After working in the death trade for two decades, Stephen Jenkinson asks us to behold death in all its painful beauty. Learning the skills of dying occurs in the course of living deeply and well. In his book, Die Wise: A Manifesto for Sanity and Soul, Jenkinson asserts that dying well is a right and responsibility of everyone. It is a moral, political, and spiritual obligation each person owes their ancestors and their heirs. It is not a lifestyle option. It is a birthright and a debt.
Heart-break is painful. There is no way around that. The loss of a loved one is devastating. It breaks you down. It tears you apart. The life that you thought you were living is no more. The person you thought you were, has died with your loved one.
All of our ancestors and most of our relatives are immortal. We aren't. How come?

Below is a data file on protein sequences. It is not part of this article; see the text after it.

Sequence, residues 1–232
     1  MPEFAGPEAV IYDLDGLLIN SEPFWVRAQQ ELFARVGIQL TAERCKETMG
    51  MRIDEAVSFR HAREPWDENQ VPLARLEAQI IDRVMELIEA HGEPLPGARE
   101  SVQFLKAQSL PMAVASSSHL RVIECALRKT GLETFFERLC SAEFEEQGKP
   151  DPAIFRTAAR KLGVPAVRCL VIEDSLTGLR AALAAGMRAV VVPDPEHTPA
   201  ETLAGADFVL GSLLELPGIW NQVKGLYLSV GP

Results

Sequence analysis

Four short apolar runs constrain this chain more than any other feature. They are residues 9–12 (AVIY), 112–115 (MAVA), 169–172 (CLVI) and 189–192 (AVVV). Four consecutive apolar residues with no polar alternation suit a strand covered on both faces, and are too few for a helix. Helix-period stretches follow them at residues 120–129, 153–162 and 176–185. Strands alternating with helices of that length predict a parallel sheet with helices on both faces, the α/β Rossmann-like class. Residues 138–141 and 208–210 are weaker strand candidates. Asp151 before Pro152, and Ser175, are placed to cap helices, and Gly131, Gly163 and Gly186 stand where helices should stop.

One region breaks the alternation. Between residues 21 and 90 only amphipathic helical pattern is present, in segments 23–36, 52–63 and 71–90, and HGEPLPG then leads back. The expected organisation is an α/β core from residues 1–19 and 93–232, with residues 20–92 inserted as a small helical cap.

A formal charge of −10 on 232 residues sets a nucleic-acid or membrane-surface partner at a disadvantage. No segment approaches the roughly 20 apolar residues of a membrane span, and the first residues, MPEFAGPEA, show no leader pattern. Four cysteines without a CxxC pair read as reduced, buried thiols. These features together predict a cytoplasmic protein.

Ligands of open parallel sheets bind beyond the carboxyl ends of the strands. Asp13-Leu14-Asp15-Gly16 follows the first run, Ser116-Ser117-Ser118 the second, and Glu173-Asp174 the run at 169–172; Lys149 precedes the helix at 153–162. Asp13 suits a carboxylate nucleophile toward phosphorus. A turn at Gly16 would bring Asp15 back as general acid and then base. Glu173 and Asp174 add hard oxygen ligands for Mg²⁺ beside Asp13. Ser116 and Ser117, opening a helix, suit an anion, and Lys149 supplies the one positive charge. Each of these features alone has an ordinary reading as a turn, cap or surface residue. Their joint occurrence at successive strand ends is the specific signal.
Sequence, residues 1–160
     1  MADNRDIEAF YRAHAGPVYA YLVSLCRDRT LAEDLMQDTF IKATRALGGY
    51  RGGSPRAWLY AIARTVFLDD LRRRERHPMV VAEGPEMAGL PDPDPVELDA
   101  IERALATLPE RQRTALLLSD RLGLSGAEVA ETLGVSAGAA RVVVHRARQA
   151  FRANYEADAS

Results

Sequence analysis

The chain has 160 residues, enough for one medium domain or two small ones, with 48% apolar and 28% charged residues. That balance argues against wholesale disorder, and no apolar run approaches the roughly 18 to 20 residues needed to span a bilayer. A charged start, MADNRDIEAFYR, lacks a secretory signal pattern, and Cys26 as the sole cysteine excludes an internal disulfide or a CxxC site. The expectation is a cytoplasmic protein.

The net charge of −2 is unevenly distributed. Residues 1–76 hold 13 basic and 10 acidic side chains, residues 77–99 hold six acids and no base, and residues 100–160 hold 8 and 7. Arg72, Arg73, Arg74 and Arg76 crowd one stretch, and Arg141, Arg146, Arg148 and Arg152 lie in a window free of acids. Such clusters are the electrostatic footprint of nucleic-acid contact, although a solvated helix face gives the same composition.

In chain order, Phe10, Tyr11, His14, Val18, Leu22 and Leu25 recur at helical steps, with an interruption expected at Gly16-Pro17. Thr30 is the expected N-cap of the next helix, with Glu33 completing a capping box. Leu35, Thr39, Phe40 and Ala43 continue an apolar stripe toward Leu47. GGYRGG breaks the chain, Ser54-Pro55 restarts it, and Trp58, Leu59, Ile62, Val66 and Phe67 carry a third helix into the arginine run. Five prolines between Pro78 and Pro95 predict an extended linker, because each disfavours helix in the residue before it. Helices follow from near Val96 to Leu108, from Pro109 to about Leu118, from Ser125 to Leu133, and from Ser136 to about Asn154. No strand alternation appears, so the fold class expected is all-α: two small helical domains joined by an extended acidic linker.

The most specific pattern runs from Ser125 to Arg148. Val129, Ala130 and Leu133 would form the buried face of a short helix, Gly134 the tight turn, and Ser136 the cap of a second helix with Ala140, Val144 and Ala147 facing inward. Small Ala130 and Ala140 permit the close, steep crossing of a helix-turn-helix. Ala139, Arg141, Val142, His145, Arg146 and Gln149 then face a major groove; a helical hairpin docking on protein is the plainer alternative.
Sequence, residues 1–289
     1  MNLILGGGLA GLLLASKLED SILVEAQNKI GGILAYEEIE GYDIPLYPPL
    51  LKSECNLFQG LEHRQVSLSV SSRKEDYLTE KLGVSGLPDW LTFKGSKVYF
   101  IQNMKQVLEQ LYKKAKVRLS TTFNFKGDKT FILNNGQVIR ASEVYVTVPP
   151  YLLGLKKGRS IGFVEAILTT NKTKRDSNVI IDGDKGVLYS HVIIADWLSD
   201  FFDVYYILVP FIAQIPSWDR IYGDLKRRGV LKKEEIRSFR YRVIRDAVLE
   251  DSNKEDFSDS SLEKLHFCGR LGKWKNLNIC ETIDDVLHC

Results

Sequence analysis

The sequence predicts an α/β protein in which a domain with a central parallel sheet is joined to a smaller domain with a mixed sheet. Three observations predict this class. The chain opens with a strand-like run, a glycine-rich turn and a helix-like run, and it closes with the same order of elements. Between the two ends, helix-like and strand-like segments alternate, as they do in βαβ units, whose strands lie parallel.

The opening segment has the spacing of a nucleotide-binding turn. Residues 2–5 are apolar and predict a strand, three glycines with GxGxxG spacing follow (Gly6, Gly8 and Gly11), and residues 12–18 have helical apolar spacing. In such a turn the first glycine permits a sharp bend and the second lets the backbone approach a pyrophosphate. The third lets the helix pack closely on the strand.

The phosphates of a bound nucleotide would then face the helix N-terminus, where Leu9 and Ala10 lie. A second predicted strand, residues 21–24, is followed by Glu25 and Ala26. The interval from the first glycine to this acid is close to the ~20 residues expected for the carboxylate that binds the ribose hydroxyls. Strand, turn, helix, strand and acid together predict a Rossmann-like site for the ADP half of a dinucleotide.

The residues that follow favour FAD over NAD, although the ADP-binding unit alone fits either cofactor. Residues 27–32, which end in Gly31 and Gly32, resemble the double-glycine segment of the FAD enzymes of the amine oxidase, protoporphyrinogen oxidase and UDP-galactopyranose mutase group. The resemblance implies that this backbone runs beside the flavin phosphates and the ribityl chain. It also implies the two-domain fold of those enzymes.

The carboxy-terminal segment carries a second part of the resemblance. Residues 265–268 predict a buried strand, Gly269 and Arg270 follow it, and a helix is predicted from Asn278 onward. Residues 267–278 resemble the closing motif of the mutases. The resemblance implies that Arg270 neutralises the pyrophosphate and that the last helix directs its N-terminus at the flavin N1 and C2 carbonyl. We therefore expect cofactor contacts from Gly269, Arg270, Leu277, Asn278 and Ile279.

In our world right now there are economic and political and surveillance systems that need help in dying.
In the Sufi tradition, there is a saying, “Die before death.” For Sufis, this is an exhortation to befriend death and the process of letting go as a daily spiritual practice.
Imagine the opportunity to transform your own view of death, diminish your fears and re-frame your relationship to living and dying.
Caring for people who are dying can be an intense, intimate, and deeply alive experience. It often challenges our most basic beliefs.
Deepak shares his reflections on Death and shows us how coming to terms with our own beliefs about it can liberate us.
Modern dreams of death and dying are deeply "humanistic", tethered to a vision of the self as independent and removed from "nature".
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